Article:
Tuesday, May 21, 2019
The essays are independent. Some include recipes (always for one), some do not. They can be read in any order, I imagine, but I found the stories had a certain cumulative effect; by the end of the book, I felt like I'd had a moving lesson in the way human beings respond at the intersection of food and solitude—solitude sometimes welcome, sometimes not. This is as much (or more) about being alone than it is about food.
Some of the names were familiar—M. F. K. Fisher, Nora Efron, Mary Cantwell, and Haruki Murakami, for example—most were not. The writing is somewhat variable. Although good on the whole, one or two of the selections seemed a trifle unnecessarily vulgar to me—but there are real gems here, too. I think my favorite is the essay about asparagus by Phoebe Nobles. I don't want to spoil the fun, so I will say nothing about it except that it had me laughing out loud, which was a touch embarrassing as I read it sitting at the counter of the Pangloss wine bar in the town of Sonoma after a day of work driving wine tasters around the Sonoma wine country.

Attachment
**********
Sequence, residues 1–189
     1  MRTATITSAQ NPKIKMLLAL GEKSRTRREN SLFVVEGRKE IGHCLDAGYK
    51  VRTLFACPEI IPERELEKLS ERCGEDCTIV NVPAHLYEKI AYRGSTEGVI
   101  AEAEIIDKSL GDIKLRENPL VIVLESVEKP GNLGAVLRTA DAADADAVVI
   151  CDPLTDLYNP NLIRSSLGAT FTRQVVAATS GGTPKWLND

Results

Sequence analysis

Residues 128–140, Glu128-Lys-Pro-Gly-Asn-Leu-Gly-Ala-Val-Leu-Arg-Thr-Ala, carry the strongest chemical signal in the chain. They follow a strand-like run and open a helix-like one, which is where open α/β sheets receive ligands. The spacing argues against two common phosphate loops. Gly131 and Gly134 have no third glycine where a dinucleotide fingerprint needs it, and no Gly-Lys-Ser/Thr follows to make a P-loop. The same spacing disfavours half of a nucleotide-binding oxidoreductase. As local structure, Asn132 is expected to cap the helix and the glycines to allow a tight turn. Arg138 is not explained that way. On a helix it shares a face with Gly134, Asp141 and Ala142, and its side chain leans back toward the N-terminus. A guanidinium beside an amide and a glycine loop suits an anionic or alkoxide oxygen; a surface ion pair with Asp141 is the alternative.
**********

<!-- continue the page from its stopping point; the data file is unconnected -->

If I had to complain about anything, it would be the lack of an index. It might be necessary to re-read the book to find a recipe again or a particularly pleasurable paragraph, but this is a quibble; I might re-read it again soon anyway. Recommended.